Downfall: The End of the Imperial Japanese EmpirePaperback
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- Publisher: The Penguin Press
- Format: Paperback | 512 pages
- Dimensions: 137mm x 211mm x 25mm | 272g
- Publication date: 19 July 2001
- Publication City/Country: New York, NY
- ISBN 10: 0141001461
- ISBN 13: 9780141001463
- Edition statement: Reissue
- Sales rank: 184,243
In a riveting narrative that includes information from newly declassified documents, acclaimed historian Richard B. Frank gives a scrupulously detailed explanation of the critical months leading up to the dropping of the atomic bomb. Frank explains how American leaders learned in the summer of 1945 that their alternate strategy to end the war by invasion had been shattered by the massive Japanese buildup on Kyushu, and that intercepted diplomatic documents also revealed the dismal prospects of negotiation. Here also, for the first time, is a comprehensive account of how Japan's leaders were willing to risk complete annihilation to preserve the nation's existing order. Frank's comprehensive account demolishes long-standing myths with the stark realities of this great historical controversy.
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Richard B. Frank was born in Kansas in 1947. He served for almost four years in the United States Army, including a tour of duty in Vietnam as an aerorifle platoon leader with the 101st Airborne Division. He is the author of Guadalcanal.
Praise for Guadalcanal "Brilliant . . . an enormous work based on the most meticulous research. Here is everything you might want to know about Guadalcanal." --"Los Angeles Times Book Review" "Richard Frank has produced what will surely become the standard history of the U.S. Navy's most important campaign. . . . A stunning debut by a major new talent in American letters." --Tom Clancy "Guadalcanal is a masterly account of what happened and why. . . . Books of this quality are rare, and Richard B. Frank should be commended for his authoritativeinaugural work." --"Chicago Tribune" "Mr. Frank's book is impressive in virtually all respects--a vividly and carefully crafted monument that is worthy of the Americans and Japanese who collided . . . on a little-known island named Guadalcanal." --"The New York Times Book Review""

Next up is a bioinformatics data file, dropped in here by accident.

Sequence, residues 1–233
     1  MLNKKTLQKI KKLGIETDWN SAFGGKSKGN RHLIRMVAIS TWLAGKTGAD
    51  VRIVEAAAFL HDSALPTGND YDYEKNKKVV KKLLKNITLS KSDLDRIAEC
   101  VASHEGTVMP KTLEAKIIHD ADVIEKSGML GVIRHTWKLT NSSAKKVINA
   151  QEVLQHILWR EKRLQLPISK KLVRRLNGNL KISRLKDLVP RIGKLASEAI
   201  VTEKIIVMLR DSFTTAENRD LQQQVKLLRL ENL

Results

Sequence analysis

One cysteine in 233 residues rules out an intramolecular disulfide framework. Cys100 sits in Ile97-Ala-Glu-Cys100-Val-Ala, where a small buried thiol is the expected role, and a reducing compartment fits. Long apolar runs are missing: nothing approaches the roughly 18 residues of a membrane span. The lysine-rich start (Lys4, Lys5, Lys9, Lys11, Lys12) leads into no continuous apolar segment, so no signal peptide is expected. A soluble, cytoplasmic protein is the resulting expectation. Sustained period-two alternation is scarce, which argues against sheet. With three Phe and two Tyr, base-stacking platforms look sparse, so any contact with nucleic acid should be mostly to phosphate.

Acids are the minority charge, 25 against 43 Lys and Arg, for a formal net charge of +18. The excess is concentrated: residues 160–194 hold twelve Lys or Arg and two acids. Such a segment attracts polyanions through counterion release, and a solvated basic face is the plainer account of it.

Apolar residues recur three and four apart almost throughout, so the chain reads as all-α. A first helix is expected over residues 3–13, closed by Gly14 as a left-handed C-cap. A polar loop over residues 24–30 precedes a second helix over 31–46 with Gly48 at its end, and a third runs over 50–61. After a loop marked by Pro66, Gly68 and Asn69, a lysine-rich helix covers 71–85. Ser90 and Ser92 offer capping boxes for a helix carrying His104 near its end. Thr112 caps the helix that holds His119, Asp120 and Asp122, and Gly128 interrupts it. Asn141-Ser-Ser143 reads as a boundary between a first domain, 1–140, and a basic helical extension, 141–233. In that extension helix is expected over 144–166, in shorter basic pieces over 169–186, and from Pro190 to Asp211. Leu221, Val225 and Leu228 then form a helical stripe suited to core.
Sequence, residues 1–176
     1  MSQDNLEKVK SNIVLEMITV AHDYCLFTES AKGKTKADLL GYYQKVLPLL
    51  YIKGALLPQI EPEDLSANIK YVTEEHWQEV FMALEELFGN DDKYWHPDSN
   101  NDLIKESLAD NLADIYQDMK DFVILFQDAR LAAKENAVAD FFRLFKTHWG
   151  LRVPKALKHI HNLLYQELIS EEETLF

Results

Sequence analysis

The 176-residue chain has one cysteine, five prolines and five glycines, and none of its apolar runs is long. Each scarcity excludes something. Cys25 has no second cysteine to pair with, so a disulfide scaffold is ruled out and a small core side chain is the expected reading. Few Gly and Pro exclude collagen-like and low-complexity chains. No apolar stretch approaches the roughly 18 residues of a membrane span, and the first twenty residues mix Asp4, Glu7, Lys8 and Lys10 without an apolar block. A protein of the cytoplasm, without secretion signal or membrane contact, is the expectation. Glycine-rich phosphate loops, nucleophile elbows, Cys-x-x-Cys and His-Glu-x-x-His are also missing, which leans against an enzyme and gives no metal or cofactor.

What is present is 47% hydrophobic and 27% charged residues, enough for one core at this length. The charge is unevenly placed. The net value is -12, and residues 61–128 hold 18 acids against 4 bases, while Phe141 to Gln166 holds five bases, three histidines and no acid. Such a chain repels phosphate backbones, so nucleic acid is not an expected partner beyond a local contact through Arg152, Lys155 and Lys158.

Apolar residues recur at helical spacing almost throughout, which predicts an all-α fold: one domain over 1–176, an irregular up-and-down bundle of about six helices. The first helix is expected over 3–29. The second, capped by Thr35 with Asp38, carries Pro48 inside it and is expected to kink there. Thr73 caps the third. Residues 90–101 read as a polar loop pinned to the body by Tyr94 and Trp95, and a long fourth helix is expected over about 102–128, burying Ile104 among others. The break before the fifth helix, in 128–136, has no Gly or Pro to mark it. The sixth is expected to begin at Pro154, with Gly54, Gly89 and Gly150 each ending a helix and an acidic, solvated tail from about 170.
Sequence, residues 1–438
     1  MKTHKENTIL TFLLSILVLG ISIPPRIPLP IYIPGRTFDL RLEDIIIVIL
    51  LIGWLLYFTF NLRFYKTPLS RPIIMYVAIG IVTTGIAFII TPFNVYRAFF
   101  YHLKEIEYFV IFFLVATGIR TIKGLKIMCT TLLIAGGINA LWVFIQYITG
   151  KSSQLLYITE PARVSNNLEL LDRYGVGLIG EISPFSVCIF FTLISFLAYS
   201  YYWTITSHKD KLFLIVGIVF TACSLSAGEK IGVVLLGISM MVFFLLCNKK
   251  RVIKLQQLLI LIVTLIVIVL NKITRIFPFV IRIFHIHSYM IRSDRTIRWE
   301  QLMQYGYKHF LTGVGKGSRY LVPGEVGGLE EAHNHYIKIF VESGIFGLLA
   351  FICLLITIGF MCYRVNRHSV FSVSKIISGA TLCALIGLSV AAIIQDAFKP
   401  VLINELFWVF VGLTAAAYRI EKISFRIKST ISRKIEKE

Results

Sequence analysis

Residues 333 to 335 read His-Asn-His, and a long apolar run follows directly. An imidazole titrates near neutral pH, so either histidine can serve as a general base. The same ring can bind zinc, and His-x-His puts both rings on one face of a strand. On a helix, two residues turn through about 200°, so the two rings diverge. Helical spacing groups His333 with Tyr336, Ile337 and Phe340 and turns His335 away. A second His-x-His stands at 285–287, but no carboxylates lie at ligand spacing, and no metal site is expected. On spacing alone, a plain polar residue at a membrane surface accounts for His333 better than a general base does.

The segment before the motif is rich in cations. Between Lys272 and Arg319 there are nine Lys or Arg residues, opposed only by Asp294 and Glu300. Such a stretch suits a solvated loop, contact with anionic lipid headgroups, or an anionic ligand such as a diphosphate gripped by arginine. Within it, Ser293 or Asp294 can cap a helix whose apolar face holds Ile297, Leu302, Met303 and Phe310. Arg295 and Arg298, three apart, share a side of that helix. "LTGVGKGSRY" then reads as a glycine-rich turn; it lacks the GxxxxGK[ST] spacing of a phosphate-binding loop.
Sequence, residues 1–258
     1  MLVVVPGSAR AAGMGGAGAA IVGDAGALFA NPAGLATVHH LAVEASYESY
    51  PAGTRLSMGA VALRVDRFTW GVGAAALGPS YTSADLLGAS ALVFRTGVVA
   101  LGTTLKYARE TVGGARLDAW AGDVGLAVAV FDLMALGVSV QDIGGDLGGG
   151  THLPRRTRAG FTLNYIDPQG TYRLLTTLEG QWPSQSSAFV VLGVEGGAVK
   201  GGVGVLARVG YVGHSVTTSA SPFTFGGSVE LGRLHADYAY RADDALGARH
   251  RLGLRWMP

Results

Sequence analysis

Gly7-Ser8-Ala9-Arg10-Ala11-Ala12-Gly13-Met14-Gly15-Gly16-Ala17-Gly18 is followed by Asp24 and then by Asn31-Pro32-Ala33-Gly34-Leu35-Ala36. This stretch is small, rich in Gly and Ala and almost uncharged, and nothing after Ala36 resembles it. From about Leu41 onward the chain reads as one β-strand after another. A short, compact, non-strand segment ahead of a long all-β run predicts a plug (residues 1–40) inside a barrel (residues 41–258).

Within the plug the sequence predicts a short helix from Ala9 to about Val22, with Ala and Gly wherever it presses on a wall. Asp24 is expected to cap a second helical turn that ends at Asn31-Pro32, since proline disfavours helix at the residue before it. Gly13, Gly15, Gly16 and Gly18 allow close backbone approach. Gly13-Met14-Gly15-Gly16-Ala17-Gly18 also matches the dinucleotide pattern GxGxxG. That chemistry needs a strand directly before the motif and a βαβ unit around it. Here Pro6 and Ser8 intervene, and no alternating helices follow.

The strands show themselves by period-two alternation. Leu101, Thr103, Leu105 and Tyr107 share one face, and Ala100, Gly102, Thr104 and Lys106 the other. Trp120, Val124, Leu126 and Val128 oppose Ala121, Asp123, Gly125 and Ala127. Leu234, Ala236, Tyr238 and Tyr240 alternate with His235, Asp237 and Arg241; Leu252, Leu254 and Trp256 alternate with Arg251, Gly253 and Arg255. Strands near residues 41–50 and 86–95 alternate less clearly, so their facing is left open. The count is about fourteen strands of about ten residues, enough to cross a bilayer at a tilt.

Downfall opens with a vivid portrayal of the catastrophic fire raid on Tokyo in March 1945 -- which was to be followed by the utter destruction of almost every major Japanese city -- and ends with the anguished vigil of American and Japanese leaders waiting to learn if Japan's armed forces would obey the Emperor's order to surrender.America's use of the atom bomb has generated more heated controversy than any other event of the whole war: -- Did nuclear weapons save the lives of hundreds of thousands of Americans poised to invade Japan.? -- Did U.S. leaders know that Japan was urgently seeking peace and needed only assurance about the Emperor's safety to end the war swiftly? -- Was the bomb really used to intimidate the Russians? -- Why wasn't the devastating power of the weapon demonstrated first before being unleashed on a city?Richard B. Frank has brought to life these critical times, working from primary documents, reports, diaries, and newly declassified records. These pages present the untold story of how American leaders learned in the summer of 1945 that their compromise strategy to end the war by blockade and bombardment, followed by invasion, had been shattered; radio intelligence had unmasked a massive Japanese buildup on Kyushu designed to turn the initial invasion into a bloody shambles. Meanwhile, the text and analysis of diplomatic intercepts depicted sterile prospects for negotiation before a final clash of arms. Here also, for the first time, is a full and balanced account of how Japan's leaders risked annihilation by gambling on a military strategy aimed at securing political bargaining leverage to preserve the old order in Japan.Downfall replacesthe myths that now surround the end of the war and the use of the bomb with the stark realities of this great historical controversy.